A small note, counter to the comments about how the system should never be exposed to anything from the outside world: I should think it wise to harden the system against the possibility of a rogue memory card getting into the stream of tabulated results (especially in cases where the system is in storage or being tested, rather than when it's counting live votes), even if one is reasonably certain the stream is secure.

As can be concluded from my previous comments, I think any system design where anti-virus software is the right way to do that hardening is likely to be quite poorly designed, but I would not be surprised if the Diebold machines were designed that way.

#15 ::: Paul Lalonde ::: (view all by) ::: August 19, 2008, 04:12 PM:

And a quick note about "the virus checker did it": I've yet to see a case where that answer was true. It's an easy cop-out, but frankly, if the virus checker caused a short read on the file, the code reading it should have trapped the error. Many error conditions can occur in production systems and *if* (and it's a big if) the virus checker caused the problem, Diebold was still negligent for not writing code robust to simple I/O errors.

I suspect them of either the worst sort of cop-out, or of being voodoo computing practitioners instead of engineers. I don't know which is the most charitable.

#16 ::: Jon Meltzer ::: (view all by) ::: August 19, 2008, 04:25 PM:

Diebold was still negligent for not writing code robust to simple I/O errors


Remember, these are the guys that used Access as their database and had sign bit overflow problems in their counter variables.

But all the original programmers have undoubtedly by now been replaced by outsourced labor in India. Doesn't that make you feel more secure?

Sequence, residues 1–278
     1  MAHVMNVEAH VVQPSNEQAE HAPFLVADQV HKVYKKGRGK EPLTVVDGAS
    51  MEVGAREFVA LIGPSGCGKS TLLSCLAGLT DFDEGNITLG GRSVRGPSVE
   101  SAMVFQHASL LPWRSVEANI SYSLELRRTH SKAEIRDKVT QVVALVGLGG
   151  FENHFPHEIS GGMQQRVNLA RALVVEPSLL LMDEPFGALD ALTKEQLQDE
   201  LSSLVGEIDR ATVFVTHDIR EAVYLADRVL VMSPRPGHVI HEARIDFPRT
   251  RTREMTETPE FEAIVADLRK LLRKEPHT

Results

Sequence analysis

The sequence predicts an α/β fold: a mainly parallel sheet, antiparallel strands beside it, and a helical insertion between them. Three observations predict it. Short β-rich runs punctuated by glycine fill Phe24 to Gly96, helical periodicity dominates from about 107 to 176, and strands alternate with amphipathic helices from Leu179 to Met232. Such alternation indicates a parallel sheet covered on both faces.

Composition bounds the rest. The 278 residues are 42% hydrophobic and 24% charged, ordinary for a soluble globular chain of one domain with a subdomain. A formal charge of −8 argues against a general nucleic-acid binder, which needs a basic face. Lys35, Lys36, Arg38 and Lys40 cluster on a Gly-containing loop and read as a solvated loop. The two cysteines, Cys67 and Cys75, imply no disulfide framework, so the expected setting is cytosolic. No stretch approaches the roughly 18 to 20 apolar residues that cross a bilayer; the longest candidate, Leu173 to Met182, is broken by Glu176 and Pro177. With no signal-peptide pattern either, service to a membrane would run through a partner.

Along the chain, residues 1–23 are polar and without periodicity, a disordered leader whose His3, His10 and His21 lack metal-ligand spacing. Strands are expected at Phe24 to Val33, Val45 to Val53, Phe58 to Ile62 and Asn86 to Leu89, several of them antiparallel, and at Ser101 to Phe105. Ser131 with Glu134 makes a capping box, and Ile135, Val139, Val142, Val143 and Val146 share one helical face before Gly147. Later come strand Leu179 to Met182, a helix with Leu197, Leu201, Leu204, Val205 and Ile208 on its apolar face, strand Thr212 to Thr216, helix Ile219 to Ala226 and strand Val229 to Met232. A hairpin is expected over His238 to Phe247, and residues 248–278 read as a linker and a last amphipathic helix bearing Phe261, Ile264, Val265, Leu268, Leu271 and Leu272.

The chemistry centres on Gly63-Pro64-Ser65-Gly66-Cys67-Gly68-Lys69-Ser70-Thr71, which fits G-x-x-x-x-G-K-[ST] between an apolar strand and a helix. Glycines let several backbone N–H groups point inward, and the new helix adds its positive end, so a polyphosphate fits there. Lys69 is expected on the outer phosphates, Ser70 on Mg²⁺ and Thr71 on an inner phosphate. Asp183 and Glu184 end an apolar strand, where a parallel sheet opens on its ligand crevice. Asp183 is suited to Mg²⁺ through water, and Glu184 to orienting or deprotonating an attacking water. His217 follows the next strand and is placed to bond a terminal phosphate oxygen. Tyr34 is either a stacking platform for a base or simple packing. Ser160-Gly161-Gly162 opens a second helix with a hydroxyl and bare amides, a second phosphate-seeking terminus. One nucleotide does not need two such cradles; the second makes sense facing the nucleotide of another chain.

#17 ::: Bob Webber ::: (view all by) ::: August 19, 2008, 04:30 PM:

Brooks Moses@14: I think that was my comment.

At some point in thinking about what might have happened I tentatively concluded that the satellite counting systems were uploading vote tallies over some kind of network link and probably running a complex OS ("...uploaded to shared servers."). That might be close enough for government work if the network were private (or virtually private), but not otherwise.

In general, I'd think that any software system which included a TCP/IP stack would be suboptimal w.r.t. efficient and accurate audits. Allowing random systems to throw traffic at such a system would take it from "suboptimal" to "fully pessimized."

#18 ::: Mark Gritter ::: (view all by) ::: August 19, 2008, 04:33 PM:

As Paul says, even if the "anti-virus" story is correct, it's still Premiere's fault. If you're going to be moving data around (on smartcards or anything else) you need to use the proper techniques and safeguards against data corruption. Just doing a copy and hoping that everything works isn't acceptable for a high-reliability application.

(Unfortunately reliable copying is the classic example of the "end-to-end" principle and yet the one that hardly anybody gets right.)

#19 ::: John Chu ::: (view all by) ::: August 19, 2008, 04:45 PM:

I did a quick google. At least as of 2006, the Diebold AccuVote TS used Windows CE as its operating system. No, it's not the Windows that you run on your laptop. However, all of Brook Moses's arguments @11 still apply.

#20 ::: Earl Cooley III ::: (view all by) ::: August 19, 2008, 04:45 PM:

It's not a big surprise that Republican-owned Diebold's electioneering division had to suffer a name change to try to bleed off bad publicity associated with the D-word.

As for antivirus action on election software, I figure it's possible that some election software components could have been quarantined and disabled as suspected malware, such as integrated data tampering to throw close elections by a slim margin.

I won't believe any election software (regardless of who wrote it) is fair unless it survives rigorous third-party code examination (backed by the EFF, for example). Even so, last minute code injection in battleground states could slip past and ruin things anyway.